THE LUCKY PENNY

3.5 Stars
Year Released: 2002
MPAA Rating: Unrated
Running Time: 15 minutes
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Those with even a casual appreciation of silent films will love the retro charms of “The Lucky Penny”. Co-directed (along with Michael Angelo Centeno), written, and produced by Cliff Cronan, “The Lucky Penny” is a delightful throwback to the golden age of cinema, refreshingly without a hint of irony. Cronan, who also stars, has masterfully recreated the silent film down to even the smallest details: black and white photography (of course), an overly dramatic (and absolutely perfect) piano score, dialogue cards, absurdly speeded-up movement, and sublimely ridiculous physical comedy. Though it’s set in the modern world, the evocation of the genre’s fluid grace and cartoonish whimsy is so convincing you’d swear you were watching the real thing.
The token plot of “The Lucky Penny” is more of an excuse for a series of inspired sight gags and pratfalls. Like the great ones of silent films (Keaton, Chaplin, etc.), Cronan takes center stage in his own circus. He plays Luckless, “a hapless optimist whom time seems to have forgotten”, so says an early text card. Indeed, Luckless is a man out of step with the modern world: his fashion is eighty years old, his timepiece doesn’t work, and he can’t seem to figure out that pesky elevator. When he finds a penny on the ground however, this hapless optimist’s luck may have just turned around. And when he then meets a pretty girl on the street, it certainly seems like his lucky day. But before long, Luckless inadvertently finds himself in trouble with the cops, who chase him around through most of the film. Much hilarity then ensues: he scales walls, causes a riot at a soccer match, and apprehends a pair of bumbling “Masked Bandits”, thus earning himself a $5000 reward. In the end of all this zaniness, he even gets the girl.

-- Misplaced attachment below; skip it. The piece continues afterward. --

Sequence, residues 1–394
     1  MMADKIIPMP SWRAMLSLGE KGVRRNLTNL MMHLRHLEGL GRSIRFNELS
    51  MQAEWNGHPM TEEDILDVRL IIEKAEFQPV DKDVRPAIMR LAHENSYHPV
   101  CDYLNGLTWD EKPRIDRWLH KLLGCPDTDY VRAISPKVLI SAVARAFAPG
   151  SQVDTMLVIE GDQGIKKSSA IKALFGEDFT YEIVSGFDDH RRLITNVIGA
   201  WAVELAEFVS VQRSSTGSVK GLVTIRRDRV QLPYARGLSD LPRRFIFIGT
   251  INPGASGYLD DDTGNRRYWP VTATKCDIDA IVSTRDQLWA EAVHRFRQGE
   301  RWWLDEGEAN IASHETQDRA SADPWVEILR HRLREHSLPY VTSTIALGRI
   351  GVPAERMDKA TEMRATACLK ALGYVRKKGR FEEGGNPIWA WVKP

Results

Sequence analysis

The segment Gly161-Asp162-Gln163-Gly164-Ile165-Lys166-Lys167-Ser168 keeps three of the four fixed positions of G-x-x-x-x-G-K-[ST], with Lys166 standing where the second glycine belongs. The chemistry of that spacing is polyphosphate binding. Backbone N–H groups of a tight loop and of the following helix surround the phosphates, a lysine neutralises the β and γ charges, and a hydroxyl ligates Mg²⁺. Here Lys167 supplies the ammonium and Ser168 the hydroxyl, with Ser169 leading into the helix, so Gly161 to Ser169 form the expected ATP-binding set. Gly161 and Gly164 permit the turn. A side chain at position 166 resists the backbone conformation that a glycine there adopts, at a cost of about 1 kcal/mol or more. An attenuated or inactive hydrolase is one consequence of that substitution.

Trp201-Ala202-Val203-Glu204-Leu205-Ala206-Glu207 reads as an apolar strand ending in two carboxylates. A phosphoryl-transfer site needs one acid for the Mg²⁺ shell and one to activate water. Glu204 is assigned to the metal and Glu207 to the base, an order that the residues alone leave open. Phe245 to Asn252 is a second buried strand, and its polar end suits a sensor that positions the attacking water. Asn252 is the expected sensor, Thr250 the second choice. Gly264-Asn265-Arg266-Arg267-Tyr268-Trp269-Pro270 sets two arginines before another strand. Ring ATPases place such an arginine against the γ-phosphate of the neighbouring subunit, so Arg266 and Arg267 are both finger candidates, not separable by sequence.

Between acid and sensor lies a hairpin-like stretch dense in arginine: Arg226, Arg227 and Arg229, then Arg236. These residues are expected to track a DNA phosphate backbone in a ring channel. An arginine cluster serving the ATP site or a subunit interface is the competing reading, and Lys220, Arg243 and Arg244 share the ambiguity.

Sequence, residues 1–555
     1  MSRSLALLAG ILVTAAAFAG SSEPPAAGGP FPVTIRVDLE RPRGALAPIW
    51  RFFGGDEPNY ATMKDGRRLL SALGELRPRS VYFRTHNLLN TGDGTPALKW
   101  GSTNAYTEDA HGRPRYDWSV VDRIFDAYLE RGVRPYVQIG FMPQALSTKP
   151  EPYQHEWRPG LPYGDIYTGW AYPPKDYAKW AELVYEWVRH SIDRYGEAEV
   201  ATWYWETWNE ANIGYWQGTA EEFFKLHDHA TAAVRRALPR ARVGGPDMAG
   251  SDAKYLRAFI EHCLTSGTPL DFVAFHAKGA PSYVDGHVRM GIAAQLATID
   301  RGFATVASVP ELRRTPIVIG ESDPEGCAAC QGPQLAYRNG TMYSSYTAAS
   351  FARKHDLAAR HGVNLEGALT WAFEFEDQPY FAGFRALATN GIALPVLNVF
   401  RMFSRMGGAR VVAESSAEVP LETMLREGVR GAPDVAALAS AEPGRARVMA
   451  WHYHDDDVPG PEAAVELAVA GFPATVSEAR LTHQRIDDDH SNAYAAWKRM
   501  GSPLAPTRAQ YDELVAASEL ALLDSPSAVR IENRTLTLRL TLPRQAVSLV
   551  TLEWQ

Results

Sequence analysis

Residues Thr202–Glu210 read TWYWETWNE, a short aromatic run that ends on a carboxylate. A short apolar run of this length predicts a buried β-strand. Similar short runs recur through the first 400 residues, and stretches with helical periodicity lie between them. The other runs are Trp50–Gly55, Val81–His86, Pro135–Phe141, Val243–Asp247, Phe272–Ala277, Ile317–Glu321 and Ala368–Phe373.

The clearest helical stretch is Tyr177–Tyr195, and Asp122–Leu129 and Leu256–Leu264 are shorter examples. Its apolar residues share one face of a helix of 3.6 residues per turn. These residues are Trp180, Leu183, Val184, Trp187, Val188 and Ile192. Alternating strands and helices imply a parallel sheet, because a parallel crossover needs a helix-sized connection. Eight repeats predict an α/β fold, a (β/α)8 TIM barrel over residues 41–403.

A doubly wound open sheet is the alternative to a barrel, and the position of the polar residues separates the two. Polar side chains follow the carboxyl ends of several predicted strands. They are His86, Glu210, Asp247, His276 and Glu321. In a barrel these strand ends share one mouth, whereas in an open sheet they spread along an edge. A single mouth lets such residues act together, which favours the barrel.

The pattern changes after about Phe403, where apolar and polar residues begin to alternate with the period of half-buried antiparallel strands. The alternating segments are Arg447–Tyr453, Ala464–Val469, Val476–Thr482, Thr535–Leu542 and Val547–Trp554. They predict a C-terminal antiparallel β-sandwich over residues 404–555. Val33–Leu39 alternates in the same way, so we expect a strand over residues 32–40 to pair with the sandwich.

In his emotionally devastating Talk To Her Almodovar paid loving tribute to the silent film form in a stunning dream sequence. Perhaps he has started a trend. Though “genre recreations” such as “The Lucky Penny” should make one weary (after all, as with any “remake”, why waste your time with an imitation when you could be watching the usually much superior original), it appears they have found stable ground in modern cinema with recent films such as Far From Heaven and Down With Love. And for that matter what does it say about modern cinema when the former of these two, a throwback to the girly-swirly melodramas of Douglas Sirk, was the best film of last year? Will the best film of this year be an homage to German expressionism, or maybe even Spanish surrealism? Well, it’s unlikely, but the point remains that when a filmmaker as obviously passionate about the history of cinema as Cronan is about silent films, great things happen. Great art is after all, great art, regardless of its inspiration. Okay, so maybe “The Lucky Penny” isn’t necessarily “great art”. It is however, both respectful of its roots and clever in its own right. Cronan’s slapstick should make even in the most jaded among us at least smile. If you’re looking for a primer on this near-forgotten era of moviemaking, you should definitely check out the films of Keaton or Chaplin, which are finally available on DVD. Once you have fully indulged in them, you should next seek out this little gem, a brilliant recreation of the past and who knows, maybe a sign of things to come…



Posted on July 22, 2003 in Reviews by
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